4 Lesson I Learned from Quitting Grad School to Travel

Close up of a graduation cap and a certificate with a ribbon --- Image by © Royalty-Free/Corbis

Living in the states, you have access to dozens of opportunities, not all equal, but still there’s opportunity. One of those popular opportunities is graduate school. I myself was accepted to Northwestern University for graduate school but am making the conscious decision to decline the program to pursue my travels.

The process is expensive and long. You have to go to undergrad (maybe rack up $40k -$50Kin loans), take an graduate exam of sorts: MCAT, LSAT, GRE, GMAT, application process, waiting and don’t forget to pay tuition.

One of the main factors that made me reconsider graduate school was the tuition. I just don’t think it’s worth to spend $100K over 2 years for a graduate degree that doesn’t guarantee job placement with a higher salary.

Don’t get me wrong, if this is your path and you are sure that graduate school is right for you, by all means GO!

From my perspective, graduate school is a platform for you as a professional to focus on a set of skills and also excel your current environment. Through my travels, I feel that I am currently obtaining the same skills through real world education and experience

4 Lessons I Learned from Quitting Grad School to Travel the World

Below is a list of skills that are suppose to gain in graduate school but also will definitely gain from traveling.

Interpersonal skills

Being able to work with a range of people from all different backgrounds is a common task in the business world. Culture shock will play a role in this development but also build your ability to work with people from completely different upbringings and culture. Ability to adapt and handle well under pressure: Getting established in a foreign country is one of the most frustrating and nerve wrecking processes out there. Once you complete this task, you will be able to handle any situation without stressing.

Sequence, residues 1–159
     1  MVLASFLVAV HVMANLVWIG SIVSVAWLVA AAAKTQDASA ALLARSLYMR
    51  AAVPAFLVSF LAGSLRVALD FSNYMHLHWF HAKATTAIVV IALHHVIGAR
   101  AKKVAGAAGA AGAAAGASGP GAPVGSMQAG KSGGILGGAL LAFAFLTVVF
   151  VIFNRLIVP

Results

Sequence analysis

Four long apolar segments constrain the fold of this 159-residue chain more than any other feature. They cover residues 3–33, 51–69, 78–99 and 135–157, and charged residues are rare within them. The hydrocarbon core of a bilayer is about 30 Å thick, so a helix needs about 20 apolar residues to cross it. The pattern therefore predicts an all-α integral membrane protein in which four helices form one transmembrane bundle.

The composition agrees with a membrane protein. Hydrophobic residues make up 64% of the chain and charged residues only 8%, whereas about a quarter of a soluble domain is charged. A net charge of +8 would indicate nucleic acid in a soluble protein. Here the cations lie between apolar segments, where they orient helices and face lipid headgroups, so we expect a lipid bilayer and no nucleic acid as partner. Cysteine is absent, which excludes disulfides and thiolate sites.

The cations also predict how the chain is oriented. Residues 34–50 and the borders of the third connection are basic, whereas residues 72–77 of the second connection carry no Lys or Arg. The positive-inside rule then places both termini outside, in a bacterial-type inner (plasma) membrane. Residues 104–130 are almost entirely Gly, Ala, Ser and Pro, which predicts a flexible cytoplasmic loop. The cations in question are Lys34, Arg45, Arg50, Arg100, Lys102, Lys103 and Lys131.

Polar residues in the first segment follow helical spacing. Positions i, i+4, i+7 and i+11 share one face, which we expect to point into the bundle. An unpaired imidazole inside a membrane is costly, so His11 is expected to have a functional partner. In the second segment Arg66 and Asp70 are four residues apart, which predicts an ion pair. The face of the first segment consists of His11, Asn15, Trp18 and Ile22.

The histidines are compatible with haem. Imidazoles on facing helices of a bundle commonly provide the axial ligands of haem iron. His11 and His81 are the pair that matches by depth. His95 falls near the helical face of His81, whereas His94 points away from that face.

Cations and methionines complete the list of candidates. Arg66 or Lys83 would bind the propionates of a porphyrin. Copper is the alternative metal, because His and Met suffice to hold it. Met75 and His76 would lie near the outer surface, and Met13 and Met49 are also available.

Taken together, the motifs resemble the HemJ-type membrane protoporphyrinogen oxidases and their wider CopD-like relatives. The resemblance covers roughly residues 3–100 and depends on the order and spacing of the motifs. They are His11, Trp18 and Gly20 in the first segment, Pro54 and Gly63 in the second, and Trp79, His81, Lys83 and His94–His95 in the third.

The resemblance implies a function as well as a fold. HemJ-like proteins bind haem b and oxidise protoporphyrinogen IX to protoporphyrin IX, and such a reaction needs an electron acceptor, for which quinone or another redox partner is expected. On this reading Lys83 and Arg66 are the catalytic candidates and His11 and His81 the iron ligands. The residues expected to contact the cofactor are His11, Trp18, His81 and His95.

Probably the most important factor for attending graduate school. You’ll be exposed to a wide range of people from different paths and positions in their careers all searching to further themselves. But think about this, I live in Shanghai and my network extends way beyond the US. Daily I meet expats from Germany, Japan, South Africa, the UK and not even including locals that I have come into contact with.

Hard skills

Learning a foreign language in a foreign country will catapult your skills way beyond any US classroom. Also, mastering a foreign language is a hard skill that is always in demand. Now I’m studying Mandarin but as a native English speakers, my skills are in demand. Also, once I return to the US, Mandarin is among if not the most in demand foreign language for business.

Risk taker

What’s riskier than uprooting your lifestyle and moving across the globe. Removing all levels of comfort and complacency, and exploring somewhere different.

Though I’m only a year in, I’ve already obtained an marketing opportunity andlearning Mandarin Full-time, and at a fraction of the cost.

What do you think?

-1 Points
Upvote Downvote

Written by Deshawn Peterson

Living in Shanghai trying to speak Mandarin.
Instagram @deshawnpeterson

Leave a Reply

Your email address will not be published. Required fields are marked *